For Jennifer Stewart, Alabama’s sales tax holiday was motivation enough to make her wake up at 6 a.m. to shop.
The Smiths Station mother needed to buy school supplies and clothes for her two sons, ages 9 and 15. The trio first hit Walmart in Phenix City for school supplies, and by 12:30 p.m. they were cruising the clothing aisles at nearby Kmart.
“It does help save (money),” said Stewart, who noted they only planned to shop in Alabama.
Stewart was one of many shoppers today who took advantage of the state’s annual tax-free weekend. The holiday, which ends Sunday, allows people to purchase clothing, books, school supplies and computers without paying sales tax.
This year, the state of Georgia opted not to have a tax holiday in light of its $2 billion deficit. That brought a number of spenders across the Chattahoochee River for back to school shopping, including Columbus father Wesley Murrill.
“They didn’t have any (tax free shopping) in Columbus, so we came over here to save a couple of dollars,” the 52-year-old said outside of Walmart.
Murrill and his 12-year-old daughter, Andrea, picked up a bookbag, pants, and socks — as well as other personal items that were not tax-free.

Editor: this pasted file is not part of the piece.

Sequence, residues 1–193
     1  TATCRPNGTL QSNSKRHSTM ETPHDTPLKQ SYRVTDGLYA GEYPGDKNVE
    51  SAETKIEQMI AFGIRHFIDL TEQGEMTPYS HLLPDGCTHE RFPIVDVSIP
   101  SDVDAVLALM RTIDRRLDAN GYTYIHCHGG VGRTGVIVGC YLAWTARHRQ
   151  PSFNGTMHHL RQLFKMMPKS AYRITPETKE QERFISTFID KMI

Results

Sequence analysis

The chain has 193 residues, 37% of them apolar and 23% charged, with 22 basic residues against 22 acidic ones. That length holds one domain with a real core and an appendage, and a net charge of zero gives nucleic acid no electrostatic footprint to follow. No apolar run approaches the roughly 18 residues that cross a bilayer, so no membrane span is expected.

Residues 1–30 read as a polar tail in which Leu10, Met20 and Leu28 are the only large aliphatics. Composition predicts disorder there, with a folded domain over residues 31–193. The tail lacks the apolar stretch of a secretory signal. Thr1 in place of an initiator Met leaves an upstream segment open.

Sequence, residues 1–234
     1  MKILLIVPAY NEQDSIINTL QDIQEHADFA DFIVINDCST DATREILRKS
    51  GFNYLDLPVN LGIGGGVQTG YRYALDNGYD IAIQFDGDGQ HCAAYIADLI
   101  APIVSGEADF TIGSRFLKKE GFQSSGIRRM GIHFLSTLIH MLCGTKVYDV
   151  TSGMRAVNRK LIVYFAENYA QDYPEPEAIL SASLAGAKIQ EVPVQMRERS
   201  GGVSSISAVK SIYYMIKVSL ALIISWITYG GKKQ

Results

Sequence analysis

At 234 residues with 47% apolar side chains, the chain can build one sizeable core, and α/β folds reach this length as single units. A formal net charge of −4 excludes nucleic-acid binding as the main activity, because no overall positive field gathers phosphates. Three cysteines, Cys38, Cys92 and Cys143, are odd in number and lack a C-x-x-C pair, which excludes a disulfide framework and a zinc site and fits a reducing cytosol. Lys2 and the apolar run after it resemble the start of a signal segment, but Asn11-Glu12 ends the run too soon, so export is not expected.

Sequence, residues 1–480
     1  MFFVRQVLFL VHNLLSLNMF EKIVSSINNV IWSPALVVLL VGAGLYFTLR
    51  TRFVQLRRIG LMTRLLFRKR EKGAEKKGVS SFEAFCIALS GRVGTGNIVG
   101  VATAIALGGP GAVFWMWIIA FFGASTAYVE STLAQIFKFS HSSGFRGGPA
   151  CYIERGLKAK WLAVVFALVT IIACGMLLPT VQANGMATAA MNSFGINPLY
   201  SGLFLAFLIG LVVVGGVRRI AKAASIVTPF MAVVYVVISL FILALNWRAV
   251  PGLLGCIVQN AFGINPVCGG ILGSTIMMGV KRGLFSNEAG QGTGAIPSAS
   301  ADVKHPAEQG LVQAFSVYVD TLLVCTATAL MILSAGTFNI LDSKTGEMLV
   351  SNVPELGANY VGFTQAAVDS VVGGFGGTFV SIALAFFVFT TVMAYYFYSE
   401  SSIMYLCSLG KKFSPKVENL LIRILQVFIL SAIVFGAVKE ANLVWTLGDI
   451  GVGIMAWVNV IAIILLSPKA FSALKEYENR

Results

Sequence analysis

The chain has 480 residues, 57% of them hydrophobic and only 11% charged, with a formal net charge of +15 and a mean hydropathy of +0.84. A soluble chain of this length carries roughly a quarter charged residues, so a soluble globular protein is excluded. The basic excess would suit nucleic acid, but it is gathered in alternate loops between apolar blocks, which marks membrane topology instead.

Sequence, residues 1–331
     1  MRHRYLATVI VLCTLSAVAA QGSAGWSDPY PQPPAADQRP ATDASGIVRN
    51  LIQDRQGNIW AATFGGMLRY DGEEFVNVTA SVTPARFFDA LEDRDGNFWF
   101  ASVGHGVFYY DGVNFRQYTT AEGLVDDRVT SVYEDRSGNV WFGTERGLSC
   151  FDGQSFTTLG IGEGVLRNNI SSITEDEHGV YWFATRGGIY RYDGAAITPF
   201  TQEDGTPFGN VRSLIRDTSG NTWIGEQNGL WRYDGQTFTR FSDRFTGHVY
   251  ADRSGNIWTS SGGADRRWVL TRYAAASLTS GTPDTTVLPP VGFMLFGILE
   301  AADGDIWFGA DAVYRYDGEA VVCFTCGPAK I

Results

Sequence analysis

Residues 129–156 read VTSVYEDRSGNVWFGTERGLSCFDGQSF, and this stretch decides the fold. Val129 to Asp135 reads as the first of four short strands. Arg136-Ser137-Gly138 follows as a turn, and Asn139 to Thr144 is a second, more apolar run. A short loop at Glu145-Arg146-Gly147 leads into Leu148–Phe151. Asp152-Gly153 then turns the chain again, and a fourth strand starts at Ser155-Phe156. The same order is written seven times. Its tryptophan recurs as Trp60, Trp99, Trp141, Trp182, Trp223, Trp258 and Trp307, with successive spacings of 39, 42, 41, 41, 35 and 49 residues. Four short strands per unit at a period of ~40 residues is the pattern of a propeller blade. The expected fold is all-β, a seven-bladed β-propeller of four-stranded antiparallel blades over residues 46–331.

Inside, Walmart shoppers crowded the school supply section, where the store had 15-cent binders, 25-cent glue sticks and 75-cent paper packs. It also cut prices on some of its computers — for example, a laptop was selling for $348.
“We pushed a lot of the rollbacks out to save the customer money,” said Walmart assistant manager Marcus Johnston. “Seventy-five cent paper — we can’t even keep it in.”
Johnston said the majority of their more than 450 employees had been asked to work this weekend. For Walmart, the back to school shopping season is the second biggest shopping period — in terms of sales volume — after Christmastime, he said.
Families this year are expected to spend more on back to school shopping compared to last year. According to a National Retail Federation survey, the average American family is expected to spend $606.40 on clothes, shoes, supplies and electronics, compared to $548.72 last year.
But the economy will still play a role in their spending. NRF found about 44.3 percent of Americans will buy more store brand or generic products, compared to 41.7 percent last year. About 30.3 percent of parents this year also plan to comparative shop online, versus 26.4 percent in 2009.
“(Customers) are trying to find savings, and we’re trying to offer it to them,” Johnston said.
Back at Kmart, Connie Elias, 42, browsed the shoe section. The Phenix City mother said she had already purchased most of her 8-year-old son’s school necessities, and was just picking up last-minute items.
Elias, a retail manager, said the 7-percent tax break wasn’t that big a deal — unless you were to buy higher-priced items.
“(People) hear ‘tax-free’ and they think ‘savings,’” said Elias, who budgeted $300 for school shopping. “But in the end, I don’t know how much of a difference it makes.”